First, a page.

Making the Digital Single Market Work: Key Principles for the Film and Audiovisual Sector
As the European Commission defines its priorities for the Digital Single Market in order to foster economic growth and job creation in Europe, the undersigned organisations of film makers, producers, screenwriters, authors, technical crews, actors, publishers, broadcasters, distributors, and exhibitors active in the European film and audiovisual landscape are ready to contribute further to achieving those fundamental objectives, in full respect for the diversity of European cultures.
To do so, we need a policy framework that encourages creativity, promotes investment in the production and distribution of creative content in Europe and guarantees a fair and adequate reward to all relevant right holders and parties involved. We must consolidate the strength and success of the current EU copyright system, a cornerstone of the European digital economy that generates 7 million jobs and contributes approximately EUR 509 billion to EU GDP1 insofar as the copyright sectors are concerned. This also forms the basis of the offer of more than 3,000 audiovisual online services across Europe.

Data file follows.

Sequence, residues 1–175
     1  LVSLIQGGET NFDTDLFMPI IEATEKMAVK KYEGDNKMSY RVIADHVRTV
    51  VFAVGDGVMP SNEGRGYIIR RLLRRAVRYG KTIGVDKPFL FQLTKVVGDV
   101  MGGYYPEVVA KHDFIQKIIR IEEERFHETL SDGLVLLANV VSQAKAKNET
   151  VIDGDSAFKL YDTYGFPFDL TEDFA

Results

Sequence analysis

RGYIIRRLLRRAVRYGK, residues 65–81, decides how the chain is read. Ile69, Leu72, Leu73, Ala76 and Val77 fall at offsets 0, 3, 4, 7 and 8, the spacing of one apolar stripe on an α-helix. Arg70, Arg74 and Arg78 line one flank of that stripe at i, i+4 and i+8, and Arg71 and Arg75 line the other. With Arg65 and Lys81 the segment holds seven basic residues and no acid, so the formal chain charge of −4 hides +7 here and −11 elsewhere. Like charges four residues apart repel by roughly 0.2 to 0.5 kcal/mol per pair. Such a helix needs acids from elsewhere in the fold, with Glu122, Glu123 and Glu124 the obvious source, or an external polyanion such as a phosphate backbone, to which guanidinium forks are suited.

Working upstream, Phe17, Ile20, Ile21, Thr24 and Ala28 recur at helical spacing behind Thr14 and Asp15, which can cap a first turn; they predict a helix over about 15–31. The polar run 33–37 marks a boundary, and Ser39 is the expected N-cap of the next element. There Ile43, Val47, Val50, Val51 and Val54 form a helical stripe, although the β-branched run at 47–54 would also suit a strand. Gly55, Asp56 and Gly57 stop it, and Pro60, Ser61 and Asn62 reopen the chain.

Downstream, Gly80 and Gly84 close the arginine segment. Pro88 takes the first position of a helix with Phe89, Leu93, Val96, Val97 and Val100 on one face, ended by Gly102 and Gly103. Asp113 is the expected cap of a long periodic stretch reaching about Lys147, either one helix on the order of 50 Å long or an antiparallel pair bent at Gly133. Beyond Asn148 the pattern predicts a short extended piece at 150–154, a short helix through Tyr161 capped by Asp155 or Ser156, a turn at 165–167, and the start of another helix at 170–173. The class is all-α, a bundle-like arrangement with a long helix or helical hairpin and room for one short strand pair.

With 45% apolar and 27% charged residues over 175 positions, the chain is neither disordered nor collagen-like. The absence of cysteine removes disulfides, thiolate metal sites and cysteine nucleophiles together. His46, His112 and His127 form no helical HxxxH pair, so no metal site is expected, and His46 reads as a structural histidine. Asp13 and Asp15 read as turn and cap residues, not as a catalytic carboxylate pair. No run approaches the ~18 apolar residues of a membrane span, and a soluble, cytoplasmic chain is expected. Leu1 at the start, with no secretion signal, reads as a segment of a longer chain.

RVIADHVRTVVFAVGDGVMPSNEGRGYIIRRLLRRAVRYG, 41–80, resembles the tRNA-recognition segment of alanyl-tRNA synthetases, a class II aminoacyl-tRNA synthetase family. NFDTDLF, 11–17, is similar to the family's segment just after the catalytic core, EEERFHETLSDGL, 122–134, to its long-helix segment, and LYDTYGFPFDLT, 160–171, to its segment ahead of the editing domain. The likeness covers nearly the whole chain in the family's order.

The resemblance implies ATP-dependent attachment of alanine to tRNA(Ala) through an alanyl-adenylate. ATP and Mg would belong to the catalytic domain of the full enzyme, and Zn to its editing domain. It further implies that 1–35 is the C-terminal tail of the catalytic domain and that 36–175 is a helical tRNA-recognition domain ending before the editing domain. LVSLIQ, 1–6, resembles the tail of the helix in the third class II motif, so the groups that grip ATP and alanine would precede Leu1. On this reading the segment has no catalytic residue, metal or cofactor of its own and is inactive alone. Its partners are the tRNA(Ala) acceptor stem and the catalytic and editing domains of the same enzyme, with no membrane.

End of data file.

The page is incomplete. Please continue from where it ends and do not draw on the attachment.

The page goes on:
One of the foundations of this success is the commercial freedom to “go local” and to choose from territorial, multi-territorial or pan European options for the production, financing and dissemination of films and audiovisual content across Europe. The freedom to licence works with a mix of different licensing models and to partner with platforms of different sizes, scope and geographical footprint, depending on diverse consumer tastes and preferences, enables a virtuous circle of investment in high skilled jobs and cultural diversity. Proof of the indispensable value of that freedom is the unparalleled success of European films and TV drama in various festivals and competitions around the globe. Most of those films and audiovisual content were at least partially financed through territorial pre-sales agreements with a wide diversity of local players.
Bearing in mind the overarching goal of promoting jobs and economic growth in Europe, any changes to the successful models described above must be backed by evidence that such changes will add jobs and economic growth in Europe rather than taking them away. Mandating cross-border access by law would just do the opposite, transferring value from European creators and their business partners to big global Internet platforms.